Since 2014, there has been a surge in investment into companies engaging in the 3D printing of composites, with almost $250 million raised to date. The latest report from IDTechEx 3D Printing Composites 2020-2030: Technology and Market Analysis authored by Dr Bryony Core and Dr Richard Collins examines the key trends and innovations in this emerging technology.
3D printing composite market leader Markforged was incorporated in 2013 by CEO and founder Greg Mark with an aspiration to enable industrial customers to create same day high strength parts from composite and subsequently metal materials. To this end, they have raised $137 million across 5 funding rounds; however much of this has been raised following the announcement of their development of Metal X, their low-cost metal 3D printer.
The Californian 3D printing composite service bureau, Arevo has raised over $20 million since 2016, for their laser based continuous carbon fibre reinforced PEEK printer, which is similar to automated fibre placement technology. Arevo demonstrated the potential of this technology at the IDTechEx Show! USA 2018 when they showcased a carbon fibre bike with substantially reduced lead times and development costs (pictured).
Image: Carbon fibre reinforced bike by Arevo at the IDTechEx Show! USA 2018
Other companies attracting significant attention from investors in 2019 are disruptive start-ups offering substantial technological innovations. Such start-ups include Impossible Objects who raised almost $10 million prior to announcing an additional $4.1 million for their CBAM printer, Fortify who have raised $12.5 million for an aligned fibre vat photopolymerisation printer, and finally the newcomer Arris Composites.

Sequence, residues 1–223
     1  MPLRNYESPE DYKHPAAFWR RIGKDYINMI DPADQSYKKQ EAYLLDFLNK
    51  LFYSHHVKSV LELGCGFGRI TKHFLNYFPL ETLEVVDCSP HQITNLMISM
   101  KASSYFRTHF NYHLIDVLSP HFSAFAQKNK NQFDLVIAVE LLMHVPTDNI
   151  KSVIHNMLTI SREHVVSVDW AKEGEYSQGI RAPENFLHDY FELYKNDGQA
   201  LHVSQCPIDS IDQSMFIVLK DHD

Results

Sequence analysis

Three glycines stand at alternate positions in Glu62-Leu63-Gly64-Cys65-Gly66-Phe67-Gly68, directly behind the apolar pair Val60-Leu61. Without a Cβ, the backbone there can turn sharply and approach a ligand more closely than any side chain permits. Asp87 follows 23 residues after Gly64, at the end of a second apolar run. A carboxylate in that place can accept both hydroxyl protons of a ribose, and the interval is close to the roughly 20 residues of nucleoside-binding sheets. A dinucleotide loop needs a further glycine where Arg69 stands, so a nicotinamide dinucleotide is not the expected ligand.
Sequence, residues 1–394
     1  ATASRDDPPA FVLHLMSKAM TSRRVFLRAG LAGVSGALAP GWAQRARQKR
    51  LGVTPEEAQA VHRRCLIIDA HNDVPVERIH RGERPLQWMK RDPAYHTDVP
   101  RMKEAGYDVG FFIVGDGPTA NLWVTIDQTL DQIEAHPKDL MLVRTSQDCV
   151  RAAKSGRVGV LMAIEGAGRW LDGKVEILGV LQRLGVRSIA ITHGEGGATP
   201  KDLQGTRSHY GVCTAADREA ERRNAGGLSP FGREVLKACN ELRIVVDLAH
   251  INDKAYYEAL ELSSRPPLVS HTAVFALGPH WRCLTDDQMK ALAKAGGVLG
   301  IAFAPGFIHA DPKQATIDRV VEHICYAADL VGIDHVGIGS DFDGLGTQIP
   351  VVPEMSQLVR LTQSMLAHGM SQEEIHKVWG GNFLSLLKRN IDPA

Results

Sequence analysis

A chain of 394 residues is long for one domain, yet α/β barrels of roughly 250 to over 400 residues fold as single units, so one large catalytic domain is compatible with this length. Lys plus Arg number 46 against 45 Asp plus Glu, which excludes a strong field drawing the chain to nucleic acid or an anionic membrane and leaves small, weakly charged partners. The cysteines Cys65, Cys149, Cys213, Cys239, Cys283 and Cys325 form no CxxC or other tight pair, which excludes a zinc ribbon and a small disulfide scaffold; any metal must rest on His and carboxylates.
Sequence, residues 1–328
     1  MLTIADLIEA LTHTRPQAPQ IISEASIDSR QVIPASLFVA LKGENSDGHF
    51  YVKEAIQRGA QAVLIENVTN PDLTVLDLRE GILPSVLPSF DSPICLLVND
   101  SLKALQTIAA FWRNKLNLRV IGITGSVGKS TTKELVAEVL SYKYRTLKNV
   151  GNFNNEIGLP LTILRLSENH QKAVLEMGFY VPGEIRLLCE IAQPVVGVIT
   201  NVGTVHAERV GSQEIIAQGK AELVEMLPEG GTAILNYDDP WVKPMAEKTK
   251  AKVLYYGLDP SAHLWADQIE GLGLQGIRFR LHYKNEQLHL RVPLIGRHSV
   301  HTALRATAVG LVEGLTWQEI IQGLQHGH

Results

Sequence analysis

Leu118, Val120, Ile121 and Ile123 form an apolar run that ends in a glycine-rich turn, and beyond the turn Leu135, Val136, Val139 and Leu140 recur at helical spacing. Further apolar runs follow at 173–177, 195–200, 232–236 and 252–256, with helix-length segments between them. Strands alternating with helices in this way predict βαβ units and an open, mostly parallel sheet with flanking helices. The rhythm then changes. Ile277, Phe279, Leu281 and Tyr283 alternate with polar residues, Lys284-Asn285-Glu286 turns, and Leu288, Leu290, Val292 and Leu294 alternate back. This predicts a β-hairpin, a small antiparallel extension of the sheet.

In May 2019, start-up Arris Composites announced it closed $10 million in Series A funding, led by NEA. Arris has spent the past two years in stealth developing the ultimate metal replacement — continuous carbon fiber composites — that can be combined with metals, plastics, wires, and other materials for aerospace, automotive, and consumer products. Arris are continuing to operate in stealth mode while they develop their technology. In a recent press release, Ethan Escowitz, Founder and CEO of Arris Composites explained more: "The product architectures that are now possible with our high-volume manufacturing process unlock a host of competitive advantages for some of the highest revenue and highest value products in the world. Vehicles and consumer products are being redesigned to take advantage of the mass market manufacturing technology of tomorrow. Things are about to get lighter and smaller, and Arris is making that a reality."
Arris continue to keep their cards close to their chest, disclosing little else; however, they stated that their technology will "address the scalability problem of 3D printing and the steep costs and limitations of composite manufacturing, Arris has assembled a team of industry leaders from both 3D printing and conventional high-volume manufacturing. They have developed precisely aligned composites using a novel high-speed manufacturing process that has disruptive design capabilities."
Some of the most exciting technology advancements being unveiled in 3D printing are enabling new processes and materials for composite 3D printing, which is being translated into significant attention from investors. Find out more about the technological and market trends and innovations in the field of 3D printing composites in IDTechEx's latest report 3D Printing Composites 2020-2030: Technology and Market Analysis by Dr Bryony Core and Dr Richard Collins. For more information, please visit our website.
Top image: Arevo